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Here are the neurons that turn hungry, they respond to certain foods

A discovery suggests ad hoc diets to activate them quickly. Preference for foods that are rich in "arginine" and "lysine", such as ">

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Here are the neurons that turn hungry, they respond to certain foods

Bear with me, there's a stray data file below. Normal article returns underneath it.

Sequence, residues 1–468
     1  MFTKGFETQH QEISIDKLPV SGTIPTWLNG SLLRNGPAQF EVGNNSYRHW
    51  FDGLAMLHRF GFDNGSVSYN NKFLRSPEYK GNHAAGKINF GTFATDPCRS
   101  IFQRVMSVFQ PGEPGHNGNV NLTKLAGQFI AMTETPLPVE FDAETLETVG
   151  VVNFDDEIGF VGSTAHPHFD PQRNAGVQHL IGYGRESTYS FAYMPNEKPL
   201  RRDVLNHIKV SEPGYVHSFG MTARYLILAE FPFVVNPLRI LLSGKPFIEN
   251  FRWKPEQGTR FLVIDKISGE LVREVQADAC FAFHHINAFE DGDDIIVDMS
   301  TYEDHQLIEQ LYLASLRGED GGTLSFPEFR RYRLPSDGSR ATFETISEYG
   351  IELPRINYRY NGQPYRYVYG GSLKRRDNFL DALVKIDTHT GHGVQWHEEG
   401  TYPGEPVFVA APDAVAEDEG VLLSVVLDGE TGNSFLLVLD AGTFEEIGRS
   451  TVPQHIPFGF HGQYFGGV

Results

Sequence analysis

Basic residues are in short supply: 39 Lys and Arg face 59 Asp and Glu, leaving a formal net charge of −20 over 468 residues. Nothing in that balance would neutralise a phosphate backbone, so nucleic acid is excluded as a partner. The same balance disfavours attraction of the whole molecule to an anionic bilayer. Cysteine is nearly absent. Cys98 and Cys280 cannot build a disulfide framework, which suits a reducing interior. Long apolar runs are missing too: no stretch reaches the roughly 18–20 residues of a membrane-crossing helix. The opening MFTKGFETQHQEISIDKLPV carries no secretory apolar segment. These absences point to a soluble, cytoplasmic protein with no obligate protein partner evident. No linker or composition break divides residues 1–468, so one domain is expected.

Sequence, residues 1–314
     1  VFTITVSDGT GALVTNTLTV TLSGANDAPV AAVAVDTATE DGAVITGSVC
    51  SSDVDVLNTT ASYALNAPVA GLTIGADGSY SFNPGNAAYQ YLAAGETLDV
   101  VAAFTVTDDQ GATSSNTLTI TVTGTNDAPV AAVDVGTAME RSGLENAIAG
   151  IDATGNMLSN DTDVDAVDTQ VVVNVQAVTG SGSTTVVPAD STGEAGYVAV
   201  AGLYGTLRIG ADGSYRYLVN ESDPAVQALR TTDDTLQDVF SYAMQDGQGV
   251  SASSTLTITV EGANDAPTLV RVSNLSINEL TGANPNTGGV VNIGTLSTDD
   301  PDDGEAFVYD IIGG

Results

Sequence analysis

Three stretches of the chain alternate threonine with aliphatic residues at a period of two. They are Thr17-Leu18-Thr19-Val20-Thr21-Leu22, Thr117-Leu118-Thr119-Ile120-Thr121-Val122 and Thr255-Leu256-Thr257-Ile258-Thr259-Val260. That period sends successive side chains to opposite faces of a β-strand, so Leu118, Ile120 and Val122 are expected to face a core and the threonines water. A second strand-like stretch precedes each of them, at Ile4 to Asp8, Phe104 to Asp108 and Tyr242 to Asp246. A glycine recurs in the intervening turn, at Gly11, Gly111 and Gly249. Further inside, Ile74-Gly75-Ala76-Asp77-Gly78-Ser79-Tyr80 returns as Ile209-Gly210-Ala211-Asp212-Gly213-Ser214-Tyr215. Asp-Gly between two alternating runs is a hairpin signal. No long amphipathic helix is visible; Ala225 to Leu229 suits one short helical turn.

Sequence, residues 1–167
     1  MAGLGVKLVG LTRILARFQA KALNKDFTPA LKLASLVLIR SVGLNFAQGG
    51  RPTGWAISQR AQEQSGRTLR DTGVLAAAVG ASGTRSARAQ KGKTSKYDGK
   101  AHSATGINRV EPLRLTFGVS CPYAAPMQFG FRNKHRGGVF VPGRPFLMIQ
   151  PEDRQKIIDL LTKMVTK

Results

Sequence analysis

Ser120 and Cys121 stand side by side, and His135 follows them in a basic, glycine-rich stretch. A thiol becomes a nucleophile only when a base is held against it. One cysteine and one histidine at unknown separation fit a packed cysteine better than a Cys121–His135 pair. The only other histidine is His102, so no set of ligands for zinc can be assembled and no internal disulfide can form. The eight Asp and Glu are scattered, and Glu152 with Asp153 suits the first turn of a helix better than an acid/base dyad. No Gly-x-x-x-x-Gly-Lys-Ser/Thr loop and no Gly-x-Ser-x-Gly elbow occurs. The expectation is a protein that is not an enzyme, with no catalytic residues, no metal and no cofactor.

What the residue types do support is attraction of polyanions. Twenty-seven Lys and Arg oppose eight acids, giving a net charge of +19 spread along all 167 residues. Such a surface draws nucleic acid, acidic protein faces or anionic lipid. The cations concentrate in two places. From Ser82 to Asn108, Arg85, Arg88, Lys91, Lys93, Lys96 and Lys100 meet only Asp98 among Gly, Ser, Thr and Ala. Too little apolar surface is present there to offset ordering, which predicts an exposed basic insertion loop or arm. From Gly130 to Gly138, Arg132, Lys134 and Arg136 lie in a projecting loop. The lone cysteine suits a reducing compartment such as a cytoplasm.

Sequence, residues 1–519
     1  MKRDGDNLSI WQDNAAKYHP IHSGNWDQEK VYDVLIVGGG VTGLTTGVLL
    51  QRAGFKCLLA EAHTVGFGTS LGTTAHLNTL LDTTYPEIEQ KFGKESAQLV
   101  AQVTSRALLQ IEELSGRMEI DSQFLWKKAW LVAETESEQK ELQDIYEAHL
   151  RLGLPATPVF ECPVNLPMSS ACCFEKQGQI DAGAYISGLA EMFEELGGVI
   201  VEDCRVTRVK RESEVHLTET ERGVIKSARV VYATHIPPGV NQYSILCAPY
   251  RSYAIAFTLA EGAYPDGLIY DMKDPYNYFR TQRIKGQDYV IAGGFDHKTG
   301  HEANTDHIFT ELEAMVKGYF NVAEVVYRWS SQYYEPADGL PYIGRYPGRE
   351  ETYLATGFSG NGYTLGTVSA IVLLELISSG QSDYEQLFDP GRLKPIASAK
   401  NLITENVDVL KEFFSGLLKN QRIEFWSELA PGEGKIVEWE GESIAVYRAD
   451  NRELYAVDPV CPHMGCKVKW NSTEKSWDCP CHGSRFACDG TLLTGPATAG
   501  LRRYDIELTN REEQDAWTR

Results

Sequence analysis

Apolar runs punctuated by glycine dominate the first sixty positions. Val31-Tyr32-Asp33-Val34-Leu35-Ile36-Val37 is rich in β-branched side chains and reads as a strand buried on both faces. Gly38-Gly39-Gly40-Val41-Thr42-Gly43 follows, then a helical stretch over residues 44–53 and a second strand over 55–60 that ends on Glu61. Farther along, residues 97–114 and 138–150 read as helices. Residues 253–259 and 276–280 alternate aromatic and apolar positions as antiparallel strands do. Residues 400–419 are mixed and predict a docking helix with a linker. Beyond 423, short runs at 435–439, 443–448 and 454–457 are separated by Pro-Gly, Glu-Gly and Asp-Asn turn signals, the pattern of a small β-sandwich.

DISCOVERED neurons that directly control appetite: y are called "tanicites" and produce sense of satiety when y notice presence of specific molecules (amino acids), especially two of m (arginine and lysine) present above all in certain foods. The discovery, result of work of scientists at University of Warwick, was published in journal Molecular Metabolism and could have a double relapse in fight against overweight. First, in fact, it suggests that, preferring foods that are rich in "arginine" and "lysine" (eg cod, apricots, avocados, almonds, lentils etc), it may be easier to sense satiety (and hence future specific diets could be developed based on this knowledge). Secondly, one day one could find way to activate from outside with ad hoc drugs saturation switches on tinsystems and n stop hunger directly acting on m. Tissues are a group of neurons present in hypothalamus, one brain region already known to scientists to be implicated in controlling weight, metabolism and appetite. Experts have discovered that re are specific receptors for amino acids on surface of tinctures, which are nothing more than basic bones of protein. These are same receptors on tongue, in taste buds, to feel taste "umami", which is precisely characteristic flavor associated with amino acids. Working on fluorescent tanning tanks to make m visible to microscope, experts have found that, as soon as y hear presence of amino acids, especially arginine and lysine, tinctins are activated by releasing a message of satiety to hypothalamus. Discovery suggests that preferring foods rich in arginine and lysine appetite can turn off faster. Also one day tin can become target of new "break-hungry" rapies.

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